Politics dictionary

Make America Great Again

or MAGA [meyk uh-mer-i-kuh greyt uh-gen] or [mah-guh]

What does Make America Great Again mean?

Make America Great Again, commonly abbreviated as MAGA, is Donald Trump’s 2016 presidential campaign slogan.

Related terms:

Where does Make America Great Again come from?

Make America Great Again

Donald Trump’s Make America Great Again closely echoes Ronald Reagan’s 1980 presidential campaign slogan, Let’s Make American Great AgainReagan used the phrase as a rallying cry during a period of American economic distress.

The first time the slogan was used in reference to Donald Trump was by his political advisor Roger Stone. Stone, who worked on Reagan’s campaign, tweeted in September, 2011: “Make America Great Again — TRUMP HUCKABEE 2012 #nomormons,” the hashtag knocking Mitt Romney, who became the Republican nominee for that election.

Trump used the slogan himself in December, 2011 when he made a statement about his presidential own bid: “I must leave all of my options open because, above all else, we must make America great again.” That month Trump also published a book, Time to Get Tough: Making America #1 Again, arguing why he is the one to lead the US back from its perceived declined. 

On November 7, 2012, the day after Barack Obama won reelection, Trump decided he wanted to play a bigger role in the Republican Party. Brainstorming slogans, he first considered We Will Make America Great before deciding upon Make America Great Again, which he was able to trademark just ahead of his 2016 presidential campaign. 

During the campaign, the Trump campaign sold bright red hats emblazoned with Make American Great Again in white letters. At rallies, his supporters chanted the slogan. On Twitter, his supporters took to the hashtag “#MAGA,” which has become so widespread that people will refer to Make American Great Again in its shorthand MAGA in speech and writing. 

The MAGA hat and hashtag became, and remain, symbols of support for Trump—and very divisive ones. His opponent, Hilary Clinton, and Barack Obama denounced it for implying that the US wasn’t already great, devaluing hard-working Americans and its self-sacrificing soldiers.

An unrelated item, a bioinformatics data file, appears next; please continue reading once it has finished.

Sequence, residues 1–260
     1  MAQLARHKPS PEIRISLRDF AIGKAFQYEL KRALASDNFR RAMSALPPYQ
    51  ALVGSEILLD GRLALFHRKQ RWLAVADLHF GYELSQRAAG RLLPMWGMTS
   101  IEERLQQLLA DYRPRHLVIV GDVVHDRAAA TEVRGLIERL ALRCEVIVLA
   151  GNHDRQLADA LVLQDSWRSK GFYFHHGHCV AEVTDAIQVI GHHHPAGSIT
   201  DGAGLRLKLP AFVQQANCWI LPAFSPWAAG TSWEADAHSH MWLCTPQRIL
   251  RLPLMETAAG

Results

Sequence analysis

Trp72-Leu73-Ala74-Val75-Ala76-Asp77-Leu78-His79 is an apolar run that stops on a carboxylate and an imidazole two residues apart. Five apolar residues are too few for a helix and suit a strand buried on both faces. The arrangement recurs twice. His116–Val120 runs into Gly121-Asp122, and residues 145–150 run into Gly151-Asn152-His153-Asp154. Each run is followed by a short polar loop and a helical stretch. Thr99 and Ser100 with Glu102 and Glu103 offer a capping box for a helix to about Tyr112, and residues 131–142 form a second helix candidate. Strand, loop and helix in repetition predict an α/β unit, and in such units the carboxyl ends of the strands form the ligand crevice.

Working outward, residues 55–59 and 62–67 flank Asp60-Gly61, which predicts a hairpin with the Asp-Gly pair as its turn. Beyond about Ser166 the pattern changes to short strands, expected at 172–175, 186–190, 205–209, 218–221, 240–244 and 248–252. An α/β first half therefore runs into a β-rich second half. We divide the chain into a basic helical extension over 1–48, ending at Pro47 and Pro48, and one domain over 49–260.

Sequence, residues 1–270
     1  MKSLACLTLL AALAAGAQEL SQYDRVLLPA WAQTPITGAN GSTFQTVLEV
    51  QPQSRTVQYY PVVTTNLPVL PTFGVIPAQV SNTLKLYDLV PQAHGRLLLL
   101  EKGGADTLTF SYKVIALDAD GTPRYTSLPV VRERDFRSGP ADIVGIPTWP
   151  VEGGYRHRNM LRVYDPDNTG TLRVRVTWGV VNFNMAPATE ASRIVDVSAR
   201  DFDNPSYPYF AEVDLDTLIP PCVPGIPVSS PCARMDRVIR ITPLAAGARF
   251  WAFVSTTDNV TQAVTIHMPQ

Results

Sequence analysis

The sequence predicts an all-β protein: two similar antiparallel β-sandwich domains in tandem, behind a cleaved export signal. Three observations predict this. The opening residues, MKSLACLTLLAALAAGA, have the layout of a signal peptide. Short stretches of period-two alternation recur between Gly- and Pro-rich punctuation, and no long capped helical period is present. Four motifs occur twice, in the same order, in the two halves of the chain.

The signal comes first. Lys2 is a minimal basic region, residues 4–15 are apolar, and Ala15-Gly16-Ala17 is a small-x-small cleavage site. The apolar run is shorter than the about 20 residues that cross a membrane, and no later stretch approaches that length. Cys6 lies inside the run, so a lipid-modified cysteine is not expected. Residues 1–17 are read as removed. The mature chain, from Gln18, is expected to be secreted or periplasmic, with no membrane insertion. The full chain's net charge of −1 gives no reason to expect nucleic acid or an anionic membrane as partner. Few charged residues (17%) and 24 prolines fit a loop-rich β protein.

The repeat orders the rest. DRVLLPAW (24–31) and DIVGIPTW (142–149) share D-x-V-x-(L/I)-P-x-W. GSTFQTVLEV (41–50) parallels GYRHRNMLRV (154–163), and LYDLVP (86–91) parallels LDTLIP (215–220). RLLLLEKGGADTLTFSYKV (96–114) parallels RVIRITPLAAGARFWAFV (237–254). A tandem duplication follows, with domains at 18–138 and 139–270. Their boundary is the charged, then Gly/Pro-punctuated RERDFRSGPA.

Other political critics have noted that Trump’s vision for “great again” harkens back to the 1950s, when the US economy may have been booming but women and minorities were more marginalized. For their part, many Trump supporters hear in “great again” a return to an America brimming with blue-collar manufacturing jobs and being unconcerned about political correctness, among other things.

The slogan only continued to be controversial. In May, 2018, for instance, in the immediate wake of the deadly school shooting in Santa Fe, Texas, a gun- and flag-carrying Trump supporter walked past the school, telling reporters he was there to “Get to the school. Make America great again.”

The website redirects to the Trump administration’s In early 2017, Trump trademarked the phrase Keep America Great for his 2020 reelection campaign.

Examples of Make America Great Again

The MAGA Men Who Love Ultra-High-End Italian Suiting
Samuel Hine, GQ (headline), May, 2018
Remember, Trumpers. / The people you call "illegals", are the same people your orange god calls "hotel staff". / Tired of winning, yet?#MAGA #DrainTheSwamp
@JolieSaboteuse, May, 2018
Two years ago today I was the first Member of Congress to endorse @RealDonaldTrump for President of the United States. I continue to stand with our President and applaud his efforts to #MakeAmericaGreatAgain
@RepChrisCollins, February, 2018

Who uses Make America Great Again?

Outside of its use to support, criticize, or discuss Donald Trump in political speech and writing, Make America Great Again has become a kind of verbal formula called a snowclone (i.e., Make X Great Again or Make American Y Again).

Individuals, brands, and organizations take advantage of the buzz of the phrase, often for allusive humor: Make America Crip Again (a Snoop Dogg record), Make Dublin Great Again (an Irish political candidate), Make American Rock Again (a concert promo), and May American Gay Again (a slogan used by the LGBTQ community targeting Trump’s vice president, Mike Pence, known for homophobic stances).  

The abbreviation MAGA has also inspired jokes and spin-offs, such as Morons Are Governing America, a commentary on the Trump administration.

On social media, “#MAGA” is both an icon for support of Trump and lightning rod for his criticism. 

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